Philanthropy at Work:
Giving Back to the Colorado School of Public Health
You go to work every day in the Colorado School of Public Health because you care about the world you live in. You understand that public health improves the conditions and behaviors that affect the health of each and every one of us. Public health battles against deadly contagious diseases and promotes healthier lifestyles. Public health seeks to reduce incidences of preventable diseases, minimize the consequences of catastrophic events, and provide the basics of sanitation, safe food and water.
And though you ‘give back’ every day just by doing the excellent job you do, it’s possible to make a small philanthropic donation in support of the students we serve.
“I give to the Colorado School of Public Health because I believe in what we do for our students, what we do for the broader community in Colorado and the impact that our faculty, students, and staff can have on public health in our nation,” says Marci Sontag, Associate Professor of Epidemiology.
Dean David Goff emphasizes that no matter how small you think your contribution might be, it can make a difference to the mission of the school and can strengthen programs and scholarships.
When other donors consider making a gift to the school, they look to those closest to it to see if they support the place they work. “It [giving] sends a very important message to other donors that faculty are fully supportive of the fundraising efforts that are underway,” says Richard Hamman, Distinguished Professor and Founding Dean Emeritus.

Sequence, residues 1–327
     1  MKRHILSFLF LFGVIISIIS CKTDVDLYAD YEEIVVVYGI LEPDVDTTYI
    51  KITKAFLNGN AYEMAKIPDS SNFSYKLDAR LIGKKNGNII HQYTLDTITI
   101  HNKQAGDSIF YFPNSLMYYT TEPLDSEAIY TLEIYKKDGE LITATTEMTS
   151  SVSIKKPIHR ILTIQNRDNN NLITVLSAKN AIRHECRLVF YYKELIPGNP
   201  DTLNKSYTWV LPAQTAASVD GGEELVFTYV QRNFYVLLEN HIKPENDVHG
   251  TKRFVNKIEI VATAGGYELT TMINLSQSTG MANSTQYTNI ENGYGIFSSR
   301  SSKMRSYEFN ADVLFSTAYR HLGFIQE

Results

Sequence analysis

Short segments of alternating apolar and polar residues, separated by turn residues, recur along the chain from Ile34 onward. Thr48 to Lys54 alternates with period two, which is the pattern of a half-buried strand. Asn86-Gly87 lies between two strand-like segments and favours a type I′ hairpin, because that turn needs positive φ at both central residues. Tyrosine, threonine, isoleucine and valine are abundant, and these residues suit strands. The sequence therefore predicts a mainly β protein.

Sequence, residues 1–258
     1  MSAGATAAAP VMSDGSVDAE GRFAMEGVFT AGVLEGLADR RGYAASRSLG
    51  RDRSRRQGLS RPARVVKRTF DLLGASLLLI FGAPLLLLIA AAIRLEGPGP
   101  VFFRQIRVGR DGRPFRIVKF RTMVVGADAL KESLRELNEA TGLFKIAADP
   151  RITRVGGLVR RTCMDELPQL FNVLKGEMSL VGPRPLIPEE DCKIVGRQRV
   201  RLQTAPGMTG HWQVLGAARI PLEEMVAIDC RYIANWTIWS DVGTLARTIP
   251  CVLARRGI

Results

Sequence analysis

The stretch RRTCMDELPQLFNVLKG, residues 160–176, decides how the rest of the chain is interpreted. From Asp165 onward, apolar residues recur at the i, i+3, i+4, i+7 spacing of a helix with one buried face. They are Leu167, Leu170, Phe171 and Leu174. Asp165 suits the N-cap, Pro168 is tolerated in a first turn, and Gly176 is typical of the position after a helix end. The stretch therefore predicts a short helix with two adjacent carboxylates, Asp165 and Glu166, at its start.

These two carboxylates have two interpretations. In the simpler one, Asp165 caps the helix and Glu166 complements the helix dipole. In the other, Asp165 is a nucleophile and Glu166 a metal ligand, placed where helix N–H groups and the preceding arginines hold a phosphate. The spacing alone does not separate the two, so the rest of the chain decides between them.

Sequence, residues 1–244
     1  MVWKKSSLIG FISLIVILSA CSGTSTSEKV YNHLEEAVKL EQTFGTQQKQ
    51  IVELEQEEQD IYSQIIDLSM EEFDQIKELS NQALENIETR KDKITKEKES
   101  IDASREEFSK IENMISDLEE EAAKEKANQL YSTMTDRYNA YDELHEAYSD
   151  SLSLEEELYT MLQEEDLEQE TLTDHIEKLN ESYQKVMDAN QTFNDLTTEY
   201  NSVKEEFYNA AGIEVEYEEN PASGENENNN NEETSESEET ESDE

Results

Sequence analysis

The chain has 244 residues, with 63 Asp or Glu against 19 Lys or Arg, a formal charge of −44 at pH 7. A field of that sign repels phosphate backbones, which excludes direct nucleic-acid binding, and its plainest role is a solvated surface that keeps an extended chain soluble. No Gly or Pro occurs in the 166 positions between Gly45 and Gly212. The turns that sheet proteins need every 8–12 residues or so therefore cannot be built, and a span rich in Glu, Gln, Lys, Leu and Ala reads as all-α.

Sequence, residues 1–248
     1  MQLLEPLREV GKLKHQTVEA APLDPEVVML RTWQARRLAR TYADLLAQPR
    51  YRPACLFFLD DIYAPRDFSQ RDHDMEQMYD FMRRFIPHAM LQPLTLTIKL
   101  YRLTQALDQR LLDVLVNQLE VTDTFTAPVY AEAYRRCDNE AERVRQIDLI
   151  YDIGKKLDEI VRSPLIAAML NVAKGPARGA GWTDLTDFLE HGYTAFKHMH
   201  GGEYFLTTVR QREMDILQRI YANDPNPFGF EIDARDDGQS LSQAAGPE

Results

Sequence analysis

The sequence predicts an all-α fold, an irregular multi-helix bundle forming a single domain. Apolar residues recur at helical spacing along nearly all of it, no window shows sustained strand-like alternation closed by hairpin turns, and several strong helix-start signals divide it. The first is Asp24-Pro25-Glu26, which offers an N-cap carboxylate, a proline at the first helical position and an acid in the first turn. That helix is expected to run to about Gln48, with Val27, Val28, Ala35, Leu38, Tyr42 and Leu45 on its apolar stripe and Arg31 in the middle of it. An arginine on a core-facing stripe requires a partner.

So consider making a gift to the school through payroll deduction or through a one-time contribution to the program of your choice.
“If you are passionate about something, as I am, you not only want to contribute personally by engaging students every day, conducting research, working with the community in public health, but also by making a personal contribution to making sure that this school of public health is as strong as possible and is here for the long run,” says Lee Newman, Professor of Environmental and Occupational Health.